We Have a Problem
It’s been a while since I blogged on this site. I’ve been busy designing instruction. So busy, in fact, that I completely forgot how to log in, how to get to my control panel and my dashboard, how to embed videos and other media…
After I initially set up this blog as part of my graduate coursework on instructional design and technology, I felt like an expert. The process itself was challenging, but once I’d been successful a few times, I really felt like I “knew my stuff.”
And then a few months passed. And then a few more months passed. And then I started to initiate this post, and suddenly, I drew a complete blank. See, we’ve got our blogs attached to websites hosted by an outside source. We’ve got WordPress installed for blogging ease, and we’ve got the whole thing linked to Moodle so we can show off our instructional design prowess with real online courses!
If you’re a fellow blogger or an instructional designer, it’s likely that none of that sounds very complicated to you. If, however, you’re a novice or a casual reader, you might get the sense that using multiple tools requires a bit of know-how.
Well, it does. It’s not complicated, but it’s a lot of information to remember. And after several months on hiatus, it’s a lot to retrieve.
When Good Instructional Design Works
This brings me to the topic at hand: instructional design.
Thankfully, my previous instructor was an expert at instructional design, and my university makes previous courses readily available. So all I had to do was go back to good ol’ EDU520, pull up the instructions for initiating our websites and our first blog posts, review some of the materials, and voila! Presto! I’m in, and I’m blogging!
The video here is six minutes long. If you’ve got six minutes to spare and an interest in instructional design, it’s worth the watch:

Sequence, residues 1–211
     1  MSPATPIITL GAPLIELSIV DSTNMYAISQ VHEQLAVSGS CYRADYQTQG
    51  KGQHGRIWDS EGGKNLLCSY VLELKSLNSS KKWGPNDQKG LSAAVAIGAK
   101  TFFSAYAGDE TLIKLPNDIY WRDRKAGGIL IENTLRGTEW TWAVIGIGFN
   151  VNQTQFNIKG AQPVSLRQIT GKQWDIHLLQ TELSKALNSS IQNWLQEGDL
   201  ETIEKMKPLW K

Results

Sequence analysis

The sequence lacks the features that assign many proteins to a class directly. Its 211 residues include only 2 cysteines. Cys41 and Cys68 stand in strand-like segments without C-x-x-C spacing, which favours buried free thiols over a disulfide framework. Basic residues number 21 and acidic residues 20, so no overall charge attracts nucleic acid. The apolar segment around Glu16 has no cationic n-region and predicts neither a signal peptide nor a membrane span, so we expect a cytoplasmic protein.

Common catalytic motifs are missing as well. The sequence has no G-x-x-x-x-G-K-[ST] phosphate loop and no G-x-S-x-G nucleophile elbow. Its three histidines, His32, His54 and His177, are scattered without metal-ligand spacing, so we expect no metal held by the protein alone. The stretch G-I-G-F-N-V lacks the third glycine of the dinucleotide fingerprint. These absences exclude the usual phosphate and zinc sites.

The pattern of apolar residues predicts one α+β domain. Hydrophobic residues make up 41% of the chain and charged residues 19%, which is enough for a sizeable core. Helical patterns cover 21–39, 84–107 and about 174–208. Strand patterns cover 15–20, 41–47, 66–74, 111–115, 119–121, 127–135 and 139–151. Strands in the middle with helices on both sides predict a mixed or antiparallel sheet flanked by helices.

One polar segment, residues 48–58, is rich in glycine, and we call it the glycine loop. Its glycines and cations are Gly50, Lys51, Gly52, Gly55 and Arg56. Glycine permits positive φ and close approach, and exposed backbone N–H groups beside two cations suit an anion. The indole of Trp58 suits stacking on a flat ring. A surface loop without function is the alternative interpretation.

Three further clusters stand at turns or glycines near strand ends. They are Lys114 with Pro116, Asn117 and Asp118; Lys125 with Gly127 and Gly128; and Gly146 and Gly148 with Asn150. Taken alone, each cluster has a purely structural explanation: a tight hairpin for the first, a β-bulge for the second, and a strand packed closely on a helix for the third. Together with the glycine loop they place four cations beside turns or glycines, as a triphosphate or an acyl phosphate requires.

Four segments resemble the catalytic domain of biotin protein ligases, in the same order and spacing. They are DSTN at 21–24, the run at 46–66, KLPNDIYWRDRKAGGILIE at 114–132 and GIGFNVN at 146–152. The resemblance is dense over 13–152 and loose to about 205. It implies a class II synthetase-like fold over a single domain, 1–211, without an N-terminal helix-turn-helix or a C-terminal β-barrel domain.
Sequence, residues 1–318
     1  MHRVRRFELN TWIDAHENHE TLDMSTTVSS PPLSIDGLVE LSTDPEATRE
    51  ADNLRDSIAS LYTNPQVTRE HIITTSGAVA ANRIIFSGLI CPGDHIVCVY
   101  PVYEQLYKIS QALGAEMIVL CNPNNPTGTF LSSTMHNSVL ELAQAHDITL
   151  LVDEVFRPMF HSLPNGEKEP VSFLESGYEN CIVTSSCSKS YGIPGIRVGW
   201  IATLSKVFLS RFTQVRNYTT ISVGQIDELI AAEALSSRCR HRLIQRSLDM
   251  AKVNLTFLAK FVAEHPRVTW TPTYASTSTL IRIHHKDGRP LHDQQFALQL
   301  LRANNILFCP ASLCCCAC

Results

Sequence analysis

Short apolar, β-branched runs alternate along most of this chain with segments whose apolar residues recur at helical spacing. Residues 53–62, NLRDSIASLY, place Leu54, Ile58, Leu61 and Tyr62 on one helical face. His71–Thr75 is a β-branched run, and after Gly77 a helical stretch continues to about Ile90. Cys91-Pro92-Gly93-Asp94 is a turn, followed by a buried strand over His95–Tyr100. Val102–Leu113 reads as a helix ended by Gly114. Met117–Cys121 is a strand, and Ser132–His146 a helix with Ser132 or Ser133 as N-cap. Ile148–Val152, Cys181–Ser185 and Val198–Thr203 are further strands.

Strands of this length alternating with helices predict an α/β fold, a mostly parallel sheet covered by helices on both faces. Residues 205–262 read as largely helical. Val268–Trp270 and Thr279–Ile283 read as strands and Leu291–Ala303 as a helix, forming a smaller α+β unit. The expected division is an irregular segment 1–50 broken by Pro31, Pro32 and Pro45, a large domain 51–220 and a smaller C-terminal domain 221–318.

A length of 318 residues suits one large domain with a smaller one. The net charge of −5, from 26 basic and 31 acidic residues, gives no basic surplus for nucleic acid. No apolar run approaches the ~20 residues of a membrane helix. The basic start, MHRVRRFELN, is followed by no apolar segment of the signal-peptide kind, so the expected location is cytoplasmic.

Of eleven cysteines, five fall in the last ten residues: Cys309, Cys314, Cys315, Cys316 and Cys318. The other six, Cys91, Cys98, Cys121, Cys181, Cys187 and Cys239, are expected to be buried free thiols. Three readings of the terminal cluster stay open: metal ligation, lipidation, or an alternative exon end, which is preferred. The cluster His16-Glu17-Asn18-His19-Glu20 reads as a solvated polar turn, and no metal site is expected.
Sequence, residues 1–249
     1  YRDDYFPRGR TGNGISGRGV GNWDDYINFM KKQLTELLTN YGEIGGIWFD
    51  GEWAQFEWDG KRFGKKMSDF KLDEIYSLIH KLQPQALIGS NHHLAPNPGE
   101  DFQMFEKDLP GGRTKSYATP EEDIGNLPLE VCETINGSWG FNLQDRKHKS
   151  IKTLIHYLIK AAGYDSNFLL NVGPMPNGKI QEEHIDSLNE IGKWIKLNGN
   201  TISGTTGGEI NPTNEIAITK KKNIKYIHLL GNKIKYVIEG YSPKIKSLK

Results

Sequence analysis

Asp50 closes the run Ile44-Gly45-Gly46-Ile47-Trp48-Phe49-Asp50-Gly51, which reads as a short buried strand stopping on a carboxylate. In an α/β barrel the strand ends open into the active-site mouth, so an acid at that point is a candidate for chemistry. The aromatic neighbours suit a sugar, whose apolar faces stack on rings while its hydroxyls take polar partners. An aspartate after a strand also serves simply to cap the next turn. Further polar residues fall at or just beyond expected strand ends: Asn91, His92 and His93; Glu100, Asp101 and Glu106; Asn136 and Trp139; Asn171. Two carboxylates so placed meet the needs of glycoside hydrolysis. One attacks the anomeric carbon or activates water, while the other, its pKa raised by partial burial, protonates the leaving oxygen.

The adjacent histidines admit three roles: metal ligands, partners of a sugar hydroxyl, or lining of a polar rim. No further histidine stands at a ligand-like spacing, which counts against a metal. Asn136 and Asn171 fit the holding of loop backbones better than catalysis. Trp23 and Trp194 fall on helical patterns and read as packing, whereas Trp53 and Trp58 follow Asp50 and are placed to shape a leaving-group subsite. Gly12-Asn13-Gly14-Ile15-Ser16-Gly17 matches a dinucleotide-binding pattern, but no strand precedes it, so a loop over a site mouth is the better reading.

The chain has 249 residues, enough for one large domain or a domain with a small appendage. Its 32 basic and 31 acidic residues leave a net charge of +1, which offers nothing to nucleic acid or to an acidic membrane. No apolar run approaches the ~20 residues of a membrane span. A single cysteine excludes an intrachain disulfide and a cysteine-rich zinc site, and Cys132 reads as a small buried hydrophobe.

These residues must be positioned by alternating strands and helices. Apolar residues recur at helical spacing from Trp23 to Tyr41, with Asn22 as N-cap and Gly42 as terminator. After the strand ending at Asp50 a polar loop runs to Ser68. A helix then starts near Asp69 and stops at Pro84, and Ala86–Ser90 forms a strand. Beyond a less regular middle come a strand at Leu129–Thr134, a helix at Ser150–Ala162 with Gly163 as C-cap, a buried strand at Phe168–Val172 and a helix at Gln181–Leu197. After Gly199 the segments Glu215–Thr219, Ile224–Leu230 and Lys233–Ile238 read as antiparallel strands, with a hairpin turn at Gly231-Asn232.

A is for Analyze
But just in case six minutes is too much to ask, here’s the gist:
Good instructional design doesn’t just center around transmitting tons of information to unwitting “learners.” Rather, it should follow a process that starts with analyzing what information learners actually need to achieve their goals. If you’re not familiar with the ADDIE model, that’s the “A for Analyze.”
While the exact origins of the ADDIE model aren’t clear, it’s usefulness is. It’s not enough to just throw a lump of information at a learner. It’s not even enough to break the information down into digestible pieces, or to create fun or engaging activities to help the learner digest the giant beefsteak of information.
Rather, an instructional designer ought to think first:
- Who’s receiving the information?
- What are the desired outcomes?
- What information is needed to achieve those outcomes?
By first ANALYZING what to teach and to whom you’ll be teaching it, an instructional designer can filter down to the essentials, the information needed to accomplish the goal. It sounds pretty simple, but it’s not automatic. It takes conscious analysis, a process, deliberate and critical thinking.